It's kind of strange to think that Betty Ross has been the romantic lead in not one but two failed Hulk movies, and yet she's been dead since 1998, when the Abomination poisoned her with gamma radiation. Of course, if either Ang Lee's Hulk or last year's The Incredible Hulk had been a smash hit, there's a pretty decent chance Betty would already be back among the living. The Hulk's story has always been defined by personal tragedy, so it makes sense the deaths of his loved ones tend to be more permanent than most, but isn't it about time something finally goes Bruce Banner's way?
I doubt anyone other than me is clamoring for the return of B'wana Beast, who died in a 1992 issue of Animal Man. Technically speaking, his companion, the gorilla Djuba, is also in need of resurrecting (the fact that his sidekick is a gorilla is a key reason why I think he needs bringing back to life). Although his identity as a white superhero representing Africa is admittedly troublesome – something Grant Morrison acknowledged when he used the character in Animal Man – that shouldn't necessarily take away from the awesomeness of his powers, which include the ability to combine two different animals into a chimera that he can then control. And I'll admit it – my love of B'wana Beast may have something to do with this episode of Justice League Unlimited.
When you're an X-Man, death isn't so much a risk as it is a rite of passage. At this point, it would probably be quicker to name the X-Men who haven't miraculously come back to life at one point or another. Which makes it all the more surprising that neither Cypher, who took a bullet for his beloved Wolfsbane in 1988, and Synch, who died saving children from a bomb in 2000, have yet to return from the great mutant beyond. To be fair, the cybernetic alien Warlock does retain all of Cypher's memories and has even shown traces of his personality on occasion, but I'm pretty sure the original Cypher would argue that's not quite the same thing as being, well, alive. And for a character whose power was copying the abilities of other mutants, you'd really think Synch would have been able to pick up from his fellow heroes what Magneto has called a "survive anything" power.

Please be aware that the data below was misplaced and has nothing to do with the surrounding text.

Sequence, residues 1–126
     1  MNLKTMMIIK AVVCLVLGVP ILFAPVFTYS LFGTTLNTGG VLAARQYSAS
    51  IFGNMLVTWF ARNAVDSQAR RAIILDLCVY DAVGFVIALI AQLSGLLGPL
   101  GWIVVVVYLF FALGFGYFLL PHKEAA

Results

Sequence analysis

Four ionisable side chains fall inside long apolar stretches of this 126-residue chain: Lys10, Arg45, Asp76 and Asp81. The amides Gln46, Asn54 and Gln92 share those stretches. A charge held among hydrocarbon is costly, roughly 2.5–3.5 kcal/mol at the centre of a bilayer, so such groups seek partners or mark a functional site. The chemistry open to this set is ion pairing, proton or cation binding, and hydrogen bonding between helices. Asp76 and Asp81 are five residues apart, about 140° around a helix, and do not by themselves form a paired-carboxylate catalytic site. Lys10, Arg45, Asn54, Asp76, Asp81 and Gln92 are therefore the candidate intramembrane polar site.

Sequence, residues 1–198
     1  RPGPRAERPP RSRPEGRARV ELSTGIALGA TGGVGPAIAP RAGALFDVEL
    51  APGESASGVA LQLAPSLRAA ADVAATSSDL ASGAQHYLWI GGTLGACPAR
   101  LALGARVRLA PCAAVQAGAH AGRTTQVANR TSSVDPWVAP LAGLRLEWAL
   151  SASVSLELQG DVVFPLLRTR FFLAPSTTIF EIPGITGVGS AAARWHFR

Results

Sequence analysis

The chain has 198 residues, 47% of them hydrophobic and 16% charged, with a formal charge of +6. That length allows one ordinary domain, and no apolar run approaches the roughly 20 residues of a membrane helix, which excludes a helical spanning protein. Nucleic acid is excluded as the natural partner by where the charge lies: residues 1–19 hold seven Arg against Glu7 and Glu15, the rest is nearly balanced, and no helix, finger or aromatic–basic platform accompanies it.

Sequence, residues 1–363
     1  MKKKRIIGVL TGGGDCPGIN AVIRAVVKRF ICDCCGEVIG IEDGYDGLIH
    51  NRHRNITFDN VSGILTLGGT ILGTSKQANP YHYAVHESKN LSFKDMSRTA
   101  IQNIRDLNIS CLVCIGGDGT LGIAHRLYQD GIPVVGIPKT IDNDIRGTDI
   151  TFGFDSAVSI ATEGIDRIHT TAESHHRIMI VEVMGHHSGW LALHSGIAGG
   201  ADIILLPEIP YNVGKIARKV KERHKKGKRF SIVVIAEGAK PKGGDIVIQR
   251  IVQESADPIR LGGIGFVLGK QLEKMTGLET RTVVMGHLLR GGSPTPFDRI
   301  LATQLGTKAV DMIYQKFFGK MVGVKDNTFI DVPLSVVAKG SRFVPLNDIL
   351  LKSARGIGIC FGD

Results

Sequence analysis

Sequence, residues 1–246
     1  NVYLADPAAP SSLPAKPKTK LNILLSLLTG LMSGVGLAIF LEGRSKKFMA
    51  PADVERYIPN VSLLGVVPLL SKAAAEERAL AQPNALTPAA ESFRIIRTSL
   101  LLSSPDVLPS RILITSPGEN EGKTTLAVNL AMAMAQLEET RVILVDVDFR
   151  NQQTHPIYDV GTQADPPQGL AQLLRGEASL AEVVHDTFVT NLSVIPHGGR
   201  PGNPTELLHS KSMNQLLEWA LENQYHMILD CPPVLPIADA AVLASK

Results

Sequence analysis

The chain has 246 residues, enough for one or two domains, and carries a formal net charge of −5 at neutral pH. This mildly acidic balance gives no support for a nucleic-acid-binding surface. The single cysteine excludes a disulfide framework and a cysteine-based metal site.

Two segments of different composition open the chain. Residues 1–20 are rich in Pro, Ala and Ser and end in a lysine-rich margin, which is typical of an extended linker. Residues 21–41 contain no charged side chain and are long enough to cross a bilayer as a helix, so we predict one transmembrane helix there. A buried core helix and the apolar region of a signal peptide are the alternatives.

The first major death of an active superhero was probably the Kree warrior Mar-Vell, known for copyright-protecting reasons as Captain Marvel, who died of cancer way back in 1982. At one point, it looked as though he had been given a semi-reprieve, plucked from a point in the time stream before he became ill and brought forward to the modern day. Unfortunately, this Captain Marvel turned out to be a Skrull sleeper agent, but that does leave the path clear for a proper return by the real Mar-Vell at a later date. Of all the heroes who died in the eighties, he is by far the biggest name that hasn't yet returned.
Thought not nearly as famous, it sure would be nice to bring back Sylvester Pemberton, The Star-Spangled Kid (or Skyman, depending on which you prefer). Killed in 1988, Pemberton is notable if only because no one ever has anything bad to say about him. He's one of the most universally missed superheroes, and if both Jay Garrick and Alan Scott say he didn't deserve to die, that's more than enough for me to say he should return.